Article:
U.S. Open 2015: Serena Williams standing on the brink of history
Two matches from making history.
That’s the position Serena Williams finds herself in going into her U.S. Open semifinal against Roberta Vinci.
Should two positive results follow in New York over the coming days then she will have achieved something only ever done before in the women’s game by three others — the calendar grand slam.
No female player since Steffi Graf in 1988 in the Open Era has managed the feat, while Maureen Connolly and Margaret Court are the only others to find themselves on such an esteemed list, securing their slams in 1953 and 1970 respectively. No male, meanwhile, has done it since Rod Laver in 1969.
But with the Australian Open, French Open and Wimbledon titles already in the bag this year, Williams has the chance to rewrite the record books at Flushing Meadows.
She has already claimed the so-called “Serena Slam” — for the second time in her career — having won the last four majors in a row, and is now on course for one of the greatest runs ever in professional tennis.
World No. 43 Vinci stands in her way, before a potential final against Flavia Pennetta or second seed Simona Halep, should Williams safely negotiate her way past the Italian. Williams and Vinci were due to battle Thursday but rain pushed back the women’s semifinals to Friday.
Vinci, who is competing in her first ever grand slam semifinal after beating Kristina Mladenovic in three sets in the previous round, has not beaten Wiliams in four career attempts.
“I’m not going to underestimate her,” Williams said of Vinci. “She has played really well. She’s not in the semifinals of a grand slam for no reason. She knows what to do and she knows what to play.
“I just think it was great that I just played her because I kind of know what to expect, and I’ll be more ready for it this time.”
Doing it the hard way
Williams has often done it the hard way in grand slams in 2015, having toiled at times in Melbourne, Paris and London before ultimately prevailing.
Sickness was overcome during January’s Australian Open final against Maria Sharapova, while at the French Open she was forced to win a deciding set in five of her seven matches.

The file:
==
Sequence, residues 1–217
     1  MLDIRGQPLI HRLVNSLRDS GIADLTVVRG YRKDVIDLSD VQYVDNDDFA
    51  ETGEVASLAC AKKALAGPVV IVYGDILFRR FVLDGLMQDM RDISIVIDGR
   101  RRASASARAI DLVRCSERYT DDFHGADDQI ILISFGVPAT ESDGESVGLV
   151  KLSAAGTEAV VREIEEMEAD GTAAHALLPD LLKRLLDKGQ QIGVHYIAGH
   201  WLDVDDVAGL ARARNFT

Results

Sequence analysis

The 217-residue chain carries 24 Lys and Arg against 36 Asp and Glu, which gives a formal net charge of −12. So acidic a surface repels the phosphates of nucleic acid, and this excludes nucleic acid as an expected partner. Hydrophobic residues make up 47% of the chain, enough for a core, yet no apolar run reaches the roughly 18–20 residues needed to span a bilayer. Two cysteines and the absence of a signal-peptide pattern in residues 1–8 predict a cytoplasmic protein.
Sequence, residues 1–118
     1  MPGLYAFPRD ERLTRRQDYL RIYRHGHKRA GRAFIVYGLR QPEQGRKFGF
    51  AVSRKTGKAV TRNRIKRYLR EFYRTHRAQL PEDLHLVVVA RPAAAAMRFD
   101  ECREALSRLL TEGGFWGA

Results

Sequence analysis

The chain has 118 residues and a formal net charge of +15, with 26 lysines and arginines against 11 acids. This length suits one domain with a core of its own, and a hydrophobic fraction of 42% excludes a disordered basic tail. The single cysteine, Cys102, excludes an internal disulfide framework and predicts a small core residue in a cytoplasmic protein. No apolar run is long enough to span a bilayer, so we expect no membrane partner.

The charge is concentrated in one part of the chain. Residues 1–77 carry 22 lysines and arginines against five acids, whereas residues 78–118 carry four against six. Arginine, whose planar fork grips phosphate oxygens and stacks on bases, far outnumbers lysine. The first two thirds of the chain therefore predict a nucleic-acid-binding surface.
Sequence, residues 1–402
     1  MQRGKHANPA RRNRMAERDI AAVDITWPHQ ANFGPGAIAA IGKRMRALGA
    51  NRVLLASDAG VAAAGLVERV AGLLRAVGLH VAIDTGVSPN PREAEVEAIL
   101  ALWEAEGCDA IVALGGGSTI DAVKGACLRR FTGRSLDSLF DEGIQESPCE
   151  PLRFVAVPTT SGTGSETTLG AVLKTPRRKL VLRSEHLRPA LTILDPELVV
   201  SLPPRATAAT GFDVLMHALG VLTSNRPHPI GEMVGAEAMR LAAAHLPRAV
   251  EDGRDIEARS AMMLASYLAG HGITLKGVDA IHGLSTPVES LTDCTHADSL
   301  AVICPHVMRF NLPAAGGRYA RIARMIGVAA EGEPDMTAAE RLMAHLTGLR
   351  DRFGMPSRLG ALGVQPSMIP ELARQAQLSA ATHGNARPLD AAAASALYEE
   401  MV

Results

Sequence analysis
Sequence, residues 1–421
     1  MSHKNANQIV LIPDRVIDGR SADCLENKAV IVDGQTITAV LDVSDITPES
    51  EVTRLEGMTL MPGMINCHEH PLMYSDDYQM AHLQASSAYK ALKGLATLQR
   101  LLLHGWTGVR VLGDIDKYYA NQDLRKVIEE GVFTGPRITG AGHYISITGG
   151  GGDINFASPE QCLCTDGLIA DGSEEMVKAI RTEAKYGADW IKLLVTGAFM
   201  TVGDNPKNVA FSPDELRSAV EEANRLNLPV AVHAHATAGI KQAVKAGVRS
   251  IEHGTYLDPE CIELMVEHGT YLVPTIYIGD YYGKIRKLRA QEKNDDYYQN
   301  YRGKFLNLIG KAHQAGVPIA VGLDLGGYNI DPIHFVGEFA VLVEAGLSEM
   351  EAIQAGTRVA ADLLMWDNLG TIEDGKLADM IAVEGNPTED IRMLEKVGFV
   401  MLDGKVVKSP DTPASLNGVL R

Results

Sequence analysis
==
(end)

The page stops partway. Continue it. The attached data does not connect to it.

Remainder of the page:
“In Australia I was, like, puking before I walked on the court. At the French [Open] I just — it was only by the grace of God and miracle that I won that,” Williams told CNN Sport last month.
The U.S. Open seems to have ran a little smoother so far for Willams, however, having dropped only two sets en route to the last four, against Bethanie Mattek-Sands and sister Venus.
Vitalia Diatchenko, Kiki Bertens, Mattek-Sands, Madison Keys and sister Venus have all been dismissed, but the six-time U.S. Open champion is expecting a different challenge from Vinci, who possesses one of the game’s best slice backhands.
“She’s going to present a completely different game from my last four or five matches,” Williams said.
“She has nothing to lose. I don’t either. So we’re just going to go out and have a lot of fun.”
Plenty at stake
While Williams says she has nothing to lose, there is certainly much to gain for the 33-year-old, who is chasing a fourth straight U.S. Open title and seventh overall.
Defeat would, of course, rob her of the chance to land that career grand slam, while it would also bring to an end her run of four consecutive major victories.
That’s a record exceeded only by Connolly, Court and Martina Navratilova, who all racked up six straight grand slam titles.
Williams also has the chance to land her 22nd grand slam title in New York, which would equal Graf’s Open Era record and leave her just two shy of Court’s all-time mark.
Plenty at stake and much more history to be written for Williams — just two matches to go.